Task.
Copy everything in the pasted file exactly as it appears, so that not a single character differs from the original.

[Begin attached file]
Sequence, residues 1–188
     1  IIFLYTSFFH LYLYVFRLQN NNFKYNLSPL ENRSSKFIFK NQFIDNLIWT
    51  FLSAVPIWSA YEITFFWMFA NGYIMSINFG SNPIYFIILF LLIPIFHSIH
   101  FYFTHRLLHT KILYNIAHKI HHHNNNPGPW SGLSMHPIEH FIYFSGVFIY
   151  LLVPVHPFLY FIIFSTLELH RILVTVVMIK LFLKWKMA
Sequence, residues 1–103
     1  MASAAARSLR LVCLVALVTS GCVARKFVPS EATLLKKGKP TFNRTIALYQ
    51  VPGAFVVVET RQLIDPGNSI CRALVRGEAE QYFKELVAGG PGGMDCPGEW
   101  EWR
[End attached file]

Sequence, residues 1–188
     1  IIFLYTSFFH LYLYVFRLQN NNFKYNLSPL ENRSSKFIFK NQFIDNLIWT
    51  FLSAVPIWSA YEITFFWMFA NGYIMSINFG SNPIYFIILF LLIPIFHSIH
   101  FYFTHRLLHT KILYNIAHKI HHHNNNPGPW SGLSMHPIEH FIYFSGVFIY
   151  LLVPVHPFLY FIIFSTLELH RILVTVVMIK LFLKWKMA
Sequence, residues 1–103
     1  MASAAARSLR LVCLVALVTS GCVARKFVPS EATLLKKGKP TFNRTIALYQ
    51  VPGAFVVVET RQLIDPGNSI CRALVRGEAE QYFKELVAGG PGGMDCPGEW
   101  EWR